Bob Oliva has won a lot of games in his 22 years as head coach of the Christ the King varsity boys’ basketball team, but few have measured up to his Royals’ 17-point win over St. Raymond’s in the CHSAA Division I state championship game.
It was a game some thought shouldn’t have happened — St. Ray’s beat CK in the city title days earlier, only to have to do it again thanks to a new format in the state tourney — but it was a game Oliva knew his team could win.
“Surprising,” Oliva said of the win. “I don’t think anybody expected us to win by 17 points, to be up 20 most of the way. The game was really over, technically when you think about it, at halftime. There were inclinations prior to that that led me to believe that we were going to either beat them or be right in there with them.
“I always thought we matched up well against them,” he added. “No disrespect to them; they have a very, very good team. I liked our chances against them, and it proved me right that we were better than they were. When it came down to it the second time around when we took the mulligan, we hit it straight down the fairway.”
Christ the King finished the season with a 26-8 record, including the Brooklyn/Queens Diocesan and CHSAA state titles. Only one other team, the 1989-90 club, had more wins.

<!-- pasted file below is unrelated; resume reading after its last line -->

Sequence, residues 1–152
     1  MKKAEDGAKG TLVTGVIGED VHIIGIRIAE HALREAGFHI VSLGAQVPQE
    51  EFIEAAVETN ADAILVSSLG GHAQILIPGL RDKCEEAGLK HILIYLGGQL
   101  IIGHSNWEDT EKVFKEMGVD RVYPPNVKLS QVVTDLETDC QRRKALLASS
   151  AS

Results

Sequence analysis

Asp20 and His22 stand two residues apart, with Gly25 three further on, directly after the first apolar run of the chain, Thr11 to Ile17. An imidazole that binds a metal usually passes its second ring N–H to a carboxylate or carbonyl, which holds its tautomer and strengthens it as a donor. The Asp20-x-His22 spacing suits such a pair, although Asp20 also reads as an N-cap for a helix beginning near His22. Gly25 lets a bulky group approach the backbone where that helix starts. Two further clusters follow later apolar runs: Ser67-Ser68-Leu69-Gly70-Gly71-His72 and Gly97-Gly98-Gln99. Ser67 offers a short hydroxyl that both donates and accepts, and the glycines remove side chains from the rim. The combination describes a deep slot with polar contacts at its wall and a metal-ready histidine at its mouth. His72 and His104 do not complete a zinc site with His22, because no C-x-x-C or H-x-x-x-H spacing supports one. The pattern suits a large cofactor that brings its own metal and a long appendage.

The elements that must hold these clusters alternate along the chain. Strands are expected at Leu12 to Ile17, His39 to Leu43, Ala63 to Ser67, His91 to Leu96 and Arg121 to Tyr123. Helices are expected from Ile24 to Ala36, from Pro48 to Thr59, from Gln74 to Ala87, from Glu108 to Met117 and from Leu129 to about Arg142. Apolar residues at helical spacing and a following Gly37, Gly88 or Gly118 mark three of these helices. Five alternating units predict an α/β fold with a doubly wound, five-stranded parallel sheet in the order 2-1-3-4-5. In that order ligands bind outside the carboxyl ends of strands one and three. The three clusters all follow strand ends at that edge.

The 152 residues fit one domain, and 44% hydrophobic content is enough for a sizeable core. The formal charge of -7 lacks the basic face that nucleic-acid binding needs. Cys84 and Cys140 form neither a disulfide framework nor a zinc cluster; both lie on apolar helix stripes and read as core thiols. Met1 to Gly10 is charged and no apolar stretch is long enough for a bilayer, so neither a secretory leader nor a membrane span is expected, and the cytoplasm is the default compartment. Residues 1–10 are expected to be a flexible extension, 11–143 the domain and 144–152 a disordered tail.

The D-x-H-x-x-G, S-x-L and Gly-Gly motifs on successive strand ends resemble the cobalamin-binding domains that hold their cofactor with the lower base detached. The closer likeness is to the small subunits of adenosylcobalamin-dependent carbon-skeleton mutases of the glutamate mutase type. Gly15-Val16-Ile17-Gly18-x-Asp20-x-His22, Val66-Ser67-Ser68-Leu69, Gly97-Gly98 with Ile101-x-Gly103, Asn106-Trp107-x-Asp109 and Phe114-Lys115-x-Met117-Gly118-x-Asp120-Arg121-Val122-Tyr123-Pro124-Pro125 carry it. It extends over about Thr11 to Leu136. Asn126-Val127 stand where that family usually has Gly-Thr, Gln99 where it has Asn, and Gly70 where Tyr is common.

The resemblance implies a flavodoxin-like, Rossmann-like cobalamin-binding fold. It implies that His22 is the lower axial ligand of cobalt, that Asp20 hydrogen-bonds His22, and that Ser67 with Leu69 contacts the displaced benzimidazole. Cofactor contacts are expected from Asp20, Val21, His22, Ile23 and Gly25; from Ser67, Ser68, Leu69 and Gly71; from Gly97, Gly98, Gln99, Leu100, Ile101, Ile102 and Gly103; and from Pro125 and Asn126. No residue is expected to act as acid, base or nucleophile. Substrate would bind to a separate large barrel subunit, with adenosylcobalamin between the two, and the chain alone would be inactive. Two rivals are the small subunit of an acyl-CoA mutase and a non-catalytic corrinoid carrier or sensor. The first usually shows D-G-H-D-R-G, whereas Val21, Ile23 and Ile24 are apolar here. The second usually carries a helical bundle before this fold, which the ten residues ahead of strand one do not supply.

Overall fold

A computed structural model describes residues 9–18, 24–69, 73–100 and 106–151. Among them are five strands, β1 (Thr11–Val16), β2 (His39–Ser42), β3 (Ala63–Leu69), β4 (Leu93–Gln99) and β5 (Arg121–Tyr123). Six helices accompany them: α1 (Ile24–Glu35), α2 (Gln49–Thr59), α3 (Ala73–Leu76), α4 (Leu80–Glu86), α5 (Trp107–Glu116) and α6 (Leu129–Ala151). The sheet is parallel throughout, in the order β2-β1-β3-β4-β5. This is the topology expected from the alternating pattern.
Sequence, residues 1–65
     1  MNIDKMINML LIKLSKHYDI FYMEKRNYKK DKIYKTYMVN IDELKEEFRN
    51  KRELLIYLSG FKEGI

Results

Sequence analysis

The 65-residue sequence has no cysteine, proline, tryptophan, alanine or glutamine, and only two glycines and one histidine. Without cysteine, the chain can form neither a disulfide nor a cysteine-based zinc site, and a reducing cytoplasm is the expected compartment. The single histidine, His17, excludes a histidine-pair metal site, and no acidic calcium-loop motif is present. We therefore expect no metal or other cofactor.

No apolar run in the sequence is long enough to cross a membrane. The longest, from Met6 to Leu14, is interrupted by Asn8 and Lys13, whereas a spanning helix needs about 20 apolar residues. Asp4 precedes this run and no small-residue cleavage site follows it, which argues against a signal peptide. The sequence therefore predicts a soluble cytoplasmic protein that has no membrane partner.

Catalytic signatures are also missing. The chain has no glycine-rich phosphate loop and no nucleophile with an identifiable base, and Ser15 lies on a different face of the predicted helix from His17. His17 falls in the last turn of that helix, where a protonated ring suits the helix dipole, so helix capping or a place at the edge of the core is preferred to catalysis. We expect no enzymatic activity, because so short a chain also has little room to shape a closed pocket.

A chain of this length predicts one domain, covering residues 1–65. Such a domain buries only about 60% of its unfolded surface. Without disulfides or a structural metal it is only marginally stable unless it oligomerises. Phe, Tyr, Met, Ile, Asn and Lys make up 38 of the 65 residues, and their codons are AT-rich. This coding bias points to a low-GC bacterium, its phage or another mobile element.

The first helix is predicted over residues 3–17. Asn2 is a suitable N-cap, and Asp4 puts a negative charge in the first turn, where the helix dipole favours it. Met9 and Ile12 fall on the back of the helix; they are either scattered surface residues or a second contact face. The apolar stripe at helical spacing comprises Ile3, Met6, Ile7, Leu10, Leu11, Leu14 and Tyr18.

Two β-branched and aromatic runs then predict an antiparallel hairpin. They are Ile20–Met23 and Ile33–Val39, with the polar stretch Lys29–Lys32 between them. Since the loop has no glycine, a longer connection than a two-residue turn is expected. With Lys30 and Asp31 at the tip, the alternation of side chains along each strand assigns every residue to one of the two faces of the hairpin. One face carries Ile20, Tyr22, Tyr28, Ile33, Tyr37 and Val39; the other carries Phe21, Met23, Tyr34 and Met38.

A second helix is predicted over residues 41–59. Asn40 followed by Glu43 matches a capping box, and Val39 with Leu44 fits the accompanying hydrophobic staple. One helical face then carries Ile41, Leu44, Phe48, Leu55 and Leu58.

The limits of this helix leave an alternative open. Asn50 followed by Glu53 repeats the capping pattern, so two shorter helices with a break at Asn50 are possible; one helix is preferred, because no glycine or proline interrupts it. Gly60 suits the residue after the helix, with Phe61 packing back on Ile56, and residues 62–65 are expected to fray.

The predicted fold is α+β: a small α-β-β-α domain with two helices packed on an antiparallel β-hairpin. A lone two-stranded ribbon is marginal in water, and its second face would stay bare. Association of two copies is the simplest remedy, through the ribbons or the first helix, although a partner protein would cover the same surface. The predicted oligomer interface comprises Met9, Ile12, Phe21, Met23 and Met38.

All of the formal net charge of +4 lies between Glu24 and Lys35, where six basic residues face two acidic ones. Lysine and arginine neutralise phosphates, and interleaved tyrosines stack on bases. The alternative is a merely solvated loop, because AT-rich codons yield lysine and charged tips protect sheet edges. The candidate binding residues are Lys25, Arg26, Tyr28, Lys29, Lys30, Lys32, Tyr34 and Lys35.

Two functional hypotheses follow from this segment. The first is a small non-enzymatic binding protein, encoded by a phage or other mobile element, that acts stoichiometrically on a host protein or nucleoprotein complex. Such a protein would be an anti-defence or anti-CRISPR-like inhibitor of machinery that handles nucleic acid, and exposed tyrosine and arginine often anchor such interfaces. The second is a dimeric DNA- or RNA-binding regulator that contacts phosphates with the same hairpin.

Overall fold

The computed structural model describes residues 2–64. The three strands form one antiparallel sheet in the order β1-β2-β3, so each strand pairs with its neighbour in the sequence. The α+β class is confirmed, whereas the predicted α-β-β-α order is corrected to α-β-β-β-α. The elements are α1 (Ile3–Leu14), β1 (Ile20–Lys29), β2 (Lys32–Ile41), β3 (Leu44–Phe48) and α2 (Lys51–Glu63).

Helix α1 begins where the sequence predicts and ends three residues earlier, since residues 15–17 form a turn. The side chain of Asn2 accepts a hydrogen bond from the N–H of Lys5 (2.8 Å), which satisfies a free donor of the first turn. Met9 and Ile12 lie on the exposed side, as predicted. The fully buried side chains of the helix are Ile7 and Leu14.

It was a season that saw a well-rounded Christ the King team, featuring Mitchell Beauford, Chris Martin, Japhet McNeil, Justin Marshall and Brian Williams, a group Oliva truly enjoyed coaching.
“It was one of the better ones,” the coach said about the season. “It was an enjoyable season because the kids made it that way. We’ve had years when we had a lot of wins and a lot of championships. This was one of them.”
Oliva has been at CK for 25 years, with the first three spent coaching the varsity. But he got his start as a coach in CYO while still a teenager. After 41 seasons, Oliva won’t swear to stick around long, but he may have a hard time pulling away.
“Day to day, year to year,” Oliva said. “I love being around the kids and all and I like it here, but I’ve been coaching for 41 years. I really don’t know what I’d do without it, but I got other things, too.”
At 57, Oliva still has some years left in him. And Christ the King should be thankful about it.